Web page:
By Colleen Wilson
ANNAPOLIS (Nov. 19, 2013)—
Candidate for governor Heather Mizeur said Tuesday that marijuana "legalization is the step we need to take to bring our policy into the 21st century."
Delegate Mizeur, D-Takoma Park, outlined her proposed policy that would legalize and regulate marijuana use in the state. The policy aims to lower incarceration numbers and generate millions in tax revenue to fund early childhood education.
"Prohibition didn't work for alcohol and it hasn't been working for marijuana," she said, adding that present marijuana laws in the state have "detracted our law enforcement from focusing on serious and violent crimes, and if we legalize, tax and regulate marijuana we'll raise about $150 million that you could devote to education."
The other Democratic gubernatorial candidates, Lt. Gov. Anthony Brown and Attorney General Doug Gansler, are willing debate the topic.
In an email, Brown's campaign manager Justin Schaller said, "Brown is open to a continued discussion on how decriminalizing negligible amounts of marijuana would impact Marylanders and reduce the disparities in our criminal justice system."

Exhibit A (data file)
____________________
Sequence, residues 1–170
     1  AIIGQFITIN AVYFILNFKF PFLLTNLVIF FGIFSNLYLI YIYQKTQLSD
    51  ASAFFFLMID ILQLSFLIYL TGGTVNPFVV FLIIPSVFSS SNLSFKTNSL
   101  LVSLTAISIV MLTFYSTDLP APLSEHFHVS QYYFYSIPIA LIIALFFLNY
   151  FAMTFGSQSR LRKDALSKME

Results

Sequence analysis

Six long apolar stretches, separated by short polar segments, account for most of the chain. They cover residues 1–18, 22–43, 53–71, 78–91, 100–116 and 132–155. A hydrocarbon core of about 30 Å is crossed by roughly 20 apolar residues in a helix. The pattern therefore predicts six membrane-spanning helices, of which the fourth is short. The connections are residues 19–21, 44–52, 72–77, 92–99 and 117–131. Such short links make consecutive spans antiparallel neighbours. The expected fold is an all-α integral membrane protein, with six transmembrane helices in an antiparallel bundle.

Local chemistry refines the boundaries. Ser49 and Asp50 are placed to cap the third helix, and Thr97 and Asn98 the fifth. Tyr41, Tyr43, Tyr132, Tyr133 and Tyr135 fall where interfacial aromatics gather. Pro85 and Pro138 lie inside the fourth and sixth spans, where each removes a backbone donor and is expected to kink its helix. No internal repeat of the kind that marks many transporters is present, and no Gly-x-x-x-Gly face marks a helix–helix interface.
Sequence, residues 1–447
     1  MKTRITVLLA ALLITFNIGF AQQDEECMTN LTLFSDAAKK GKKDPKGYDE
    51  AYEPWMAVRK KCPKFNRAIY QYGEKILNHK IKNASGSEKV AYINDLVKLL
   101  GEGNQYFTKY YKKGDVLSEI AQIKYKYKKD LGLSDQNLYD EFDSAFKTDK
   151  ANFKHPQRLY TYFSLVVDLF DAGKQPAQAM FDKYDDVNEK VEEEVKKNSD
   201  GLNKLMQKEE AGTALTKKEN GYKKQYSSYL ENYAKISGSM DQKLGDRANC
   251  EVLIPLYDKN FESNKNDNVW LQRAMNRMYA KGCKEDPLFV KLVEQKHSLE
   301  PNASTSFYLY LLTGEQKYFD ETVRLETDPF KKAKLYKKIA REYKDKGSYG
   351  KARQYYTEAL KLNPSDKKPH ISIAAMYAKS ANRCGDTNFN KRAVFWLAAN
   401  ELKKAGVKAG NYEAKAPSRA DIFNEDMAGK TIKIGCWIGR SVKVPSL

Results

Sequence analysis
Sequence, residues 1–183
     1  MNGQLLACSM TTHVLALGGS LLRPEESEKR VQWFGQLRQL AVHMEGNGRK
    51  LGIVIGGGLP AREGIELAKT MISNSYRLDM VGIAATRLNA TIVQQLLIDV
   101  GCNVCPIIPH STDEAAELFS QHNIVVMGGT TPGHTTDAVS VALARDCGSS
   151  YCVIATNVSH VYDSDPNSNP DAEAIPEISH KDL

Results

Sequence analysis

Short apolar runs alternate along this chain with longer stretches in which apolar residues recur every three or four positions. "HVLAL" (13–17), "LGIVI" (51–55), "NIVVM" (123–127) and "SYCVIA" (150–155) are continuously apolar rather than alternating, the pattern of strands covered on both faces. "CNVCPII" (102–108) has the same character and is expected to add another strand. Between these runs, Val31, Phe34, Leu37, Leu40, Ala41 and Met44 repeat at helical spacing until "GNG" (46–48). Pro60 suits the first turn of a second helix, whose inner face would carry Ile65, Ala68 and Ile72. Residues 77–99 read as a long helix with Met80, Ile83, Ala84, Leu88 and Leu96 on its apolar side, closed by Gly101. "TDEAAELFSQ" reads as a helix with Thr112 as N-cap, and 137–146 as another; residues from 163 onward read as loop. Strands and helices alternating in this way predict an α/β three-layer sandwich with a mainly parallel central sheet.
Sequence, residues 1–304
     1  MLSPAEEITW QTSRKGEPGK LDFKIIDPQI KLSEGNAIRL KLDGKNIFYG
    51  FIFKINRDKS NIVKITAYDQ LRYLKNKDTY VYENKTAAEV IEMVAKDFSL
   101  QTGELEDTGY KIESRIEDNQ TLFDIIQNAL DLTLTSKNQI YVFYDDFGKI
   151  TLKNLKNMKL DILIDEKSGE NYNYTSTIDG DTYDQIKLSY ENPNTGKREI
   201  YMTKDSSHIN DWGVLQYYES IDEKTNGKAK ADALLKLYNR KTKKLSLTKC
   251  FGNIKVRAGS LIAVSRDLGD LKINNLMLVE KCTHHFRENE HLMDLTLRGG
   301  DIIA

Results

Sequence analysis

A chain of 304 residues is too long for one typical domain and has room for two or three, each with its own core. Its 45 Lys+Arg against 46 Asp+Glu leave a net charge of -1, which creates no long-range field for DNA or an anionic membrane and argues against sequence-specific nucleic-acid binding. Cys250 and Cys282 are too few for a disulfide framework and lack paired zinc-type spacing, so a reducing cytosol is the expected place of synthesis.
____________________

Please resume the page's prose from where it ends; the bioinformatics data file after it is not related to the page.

A statement released to Capital News Service by Gansler's spokesman Bob Wheelock suggests that there is no mandate for legalization from Maryland citizens.
"The Attorney General recognizes that public sentiment is slowly shifting toward limited, prescribed medicinal use of marijuana and, in some states, even toward decriminalization of marijuana. There does not appear to be a groundswell toward full scale legalization here in Maryland nor does the Attorney General feel that unrestrained legalization would be appropriate," the statement from Gansler's campaign said.
A Goucher poll released this month found that about 51 percent of Marylanders support legalizing marijuana in the state and roughly 40 percent oppose, with a 3.8 percent margin of error.
Mizeur acknowledged her push for marijuana legalization is bold. Previous attempts to loosen marijuana laws have stalled in the General Assembly. State Sen. Bobby Zirkin, D-Baltimore County, has said he will reintroduce a bill that would decriminalize the possession of 10 grams or less of the substance with a lower penalty fee, instead of the current policy that says an individual faces up to 90 days in jail and a $500 fine.
The Marijuana Policy Project, a lobbying group that supports reforming U.S. marijuana laws, has made Maryland one of its target-states to pass "pro-pot" legislation before 2017.
Rachelle Yeung, a legislative analyst for the Washington, D.C.-based group, said Mizeur's plan is a "sound regulatory system."
"It's very well thought out and it addresses many aspects of legalizing it," she said. "We would hope that people of the representatives would want to get behind that reform."